Access to care has been strained by the COVID-19 pandemic. This radio segment discusses how implicit biases can affect care of patients with disabilities. It highlights how preconceptions about this patient population could limit their access to treatments should they become ill.

Garcia-Navarro L. Weekend Edition Sunday. National Public Radio. December 1, 2019.

Financial harms occur in health care due to a variety of factors such as overdiagnosis and ineffective billing practices. This radio interview highlights physician concerns over a hospital policy to sue patients and families for unpaid bills. Physicians at the organization have stated the practice works against their commitment to keeping patients from harm.
CDC Vital Signs. May 7, 2019.
Maternal morbidity and mortality is a worldwide patient safety problem. This analysis describes the prevalence of pregnancy-related death and areas of concern during pregnancy, at delivery, and up to a year postpartum. It reports that 60% of these deaths are preventable and provides suggestions for families, clinicians, and systems to reduce risks.
Montagne R. Weekend Edition Sunday. National Public Radio. March 11, 2018.
Maternal death is a sentinel event. This news audio segment reports on childbirth-related death in the United States and firsthand accounts of complications associated with childbirth, such as infection. The interview also discusses how misdiagnosis contributes to the severity of problems. This piece is part of an ongoing series on the safety of maternal care.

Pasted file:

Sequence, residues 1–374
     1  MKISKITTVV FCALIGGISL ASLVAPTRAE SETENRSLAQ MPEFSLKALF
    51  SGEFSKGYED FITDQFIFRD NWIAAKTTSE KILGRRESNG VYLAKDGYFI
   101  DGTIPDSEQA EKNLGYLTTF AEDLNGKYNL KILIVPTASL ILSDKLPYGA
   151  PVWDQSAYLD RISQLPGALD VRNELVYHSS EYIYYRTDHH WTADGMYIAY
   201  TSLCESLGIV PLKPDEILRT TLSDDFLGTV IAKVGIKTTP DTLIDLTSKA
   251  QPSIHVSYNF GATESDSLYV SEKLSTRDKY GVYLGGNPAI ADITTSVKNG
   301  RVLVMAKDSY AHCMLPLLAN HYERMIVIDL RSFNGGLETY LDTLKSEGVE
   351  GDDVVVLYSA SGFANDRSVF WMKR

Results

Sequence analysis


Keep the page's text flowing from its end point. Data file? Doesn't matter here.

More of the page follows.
CDC; Centers for Disease Control and Prevention.
Delayed diagnosis of sepsis can have serious consequences. This article and accompanying set of infographics spotlight the importance of prompt identification and treatment of sepsis and suggest how providers, organizations, patients, and families can help improve recognition of sepsis.
Rosenthal E.
Raising concerns around the use of armed security guards in health care settings, this newspaper article and companion podcast report on the experience of a patient who disclosed a need for mental health treatment upon arriving at a hospital where staff failed to appropriately address his psychiatric condition and instead treated his physical injuries. The patient became increasingly agitated and hospital security personnel ultimately used weapons to subdue him.
Lundberg GD.
Spotlighting the author's experience with autopsies to provide context regarding diagnostic errors as a patient safety problem, this commentary outlines recommendations from the recent Improving Diagnosis in Healthcare report and calls for the creation of diagnostic management teams to enhance care quality.
Daley J. Colorado Public Radio. February 17, 2015.
Patient and family stories of harm are increasingly promoted as a strategy to provide insights into medical errors. This radio segment interviews a patient advocate whose daughter died due to medical errors, including failure-to-rescue and a health care–associated infection, and who speaks about that experience to educate clinicians on the importance of patient safety and listening to patients' families.
Stock S; Putnam J; Carroll J; Pham S.
Hospital reporting of errors in the United States has been suboptimal. This news video investigates the effectiveness of a state reporting initiative in California. Although hospitals have reported 6282 adverse events to the state in 4 years, patient safety experts suggest that those results do not reliably represent all the incidents that should have been submitted.